More needed: G7 nations agree to boost climate finance

More needed: G7 nations agree to boost climate finance

More needed: G7 nations agree to boost climate finance
© Reuters. British Prime Minister Boris Johnson, U.S. President Joe Biden, France’s President Emmanuel Macron, Canadian Prime Minister Justin Trudeau, Japanese Prime Minister Yoshihide Suga, President of the European Council Charles Michel, Italian Prime Minister Ma

By Elizabeth Piper and William Schomberg

CARBIS BAY, England (Reuters) -G7 leaders agreed on Sunday to raise their contributions to meet an overdue spending pledge of $100 billion a year by rich countries to help poorer countries cut carbon emissions and cope with global warming, but only two nations offered firm promises of more cash.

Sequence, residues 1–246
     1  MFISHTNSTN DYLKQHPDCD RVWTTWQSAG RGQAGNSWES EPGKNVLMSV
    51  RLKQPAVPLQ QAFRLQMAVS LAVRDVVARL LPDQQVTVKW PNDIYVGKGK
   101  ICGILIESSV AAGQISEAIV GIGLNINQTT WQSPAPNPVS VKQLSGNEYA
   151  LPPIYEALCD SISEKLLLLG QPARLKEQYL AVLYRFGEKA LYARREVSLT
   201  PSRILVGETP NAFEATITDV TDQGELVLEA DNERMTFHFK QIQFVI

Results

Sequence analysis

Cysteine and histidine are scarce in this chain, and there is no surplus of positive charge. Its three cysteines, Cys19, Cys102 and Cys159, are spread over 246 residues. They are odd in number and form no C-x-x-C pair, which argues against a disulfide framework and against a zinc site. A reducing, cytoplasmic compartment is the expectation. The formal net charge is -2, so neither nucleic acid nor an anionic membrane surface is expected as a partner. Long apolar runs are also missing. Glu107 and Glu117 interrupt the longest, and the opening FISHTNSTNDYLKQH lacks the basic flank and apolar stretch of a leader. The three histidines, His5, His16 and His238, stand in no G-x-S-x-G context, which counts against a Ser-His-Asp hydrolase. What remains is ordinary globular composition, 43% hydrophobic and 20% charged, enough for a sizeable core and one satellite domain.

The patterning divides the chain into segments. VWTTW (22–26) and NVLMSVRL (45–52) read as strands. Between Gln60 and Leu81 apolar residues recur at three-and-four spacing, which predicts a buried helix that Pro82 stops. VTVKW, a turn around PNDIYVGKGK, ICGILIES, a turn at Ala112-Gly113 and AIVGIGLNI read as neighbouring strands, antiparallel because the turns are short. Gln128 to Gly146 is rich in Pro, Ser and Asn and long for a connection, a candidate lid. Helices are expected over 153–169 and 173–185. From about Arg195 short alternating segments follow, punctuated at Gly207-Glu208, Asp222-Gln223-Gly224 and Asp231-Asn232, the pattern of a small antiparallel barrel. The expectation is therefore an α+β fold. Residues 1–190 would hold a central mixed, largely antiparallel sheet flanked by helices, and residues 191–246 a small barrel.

Alongside plans billed as helping speed infrastructure funding in developing countries and a shift to renewable and sustainable technology, the world’s seven largest advanced economies again pledged to meet the climate finance target.

But climate groups said the promise made in the summit’s final communique lacked detail and the developed nations should be more ambitious in their financial commitments.

In the communique, the seven nations – the United States, Britain, Canada, France, Germany, Italy and Japan – reaffirmed their commitment to “jointly mobilise $100 billion per year from public and private sources, through to 2025”.

“Towards this end, we commit to each increase and improve our overall international public climate finance contributions for this peri

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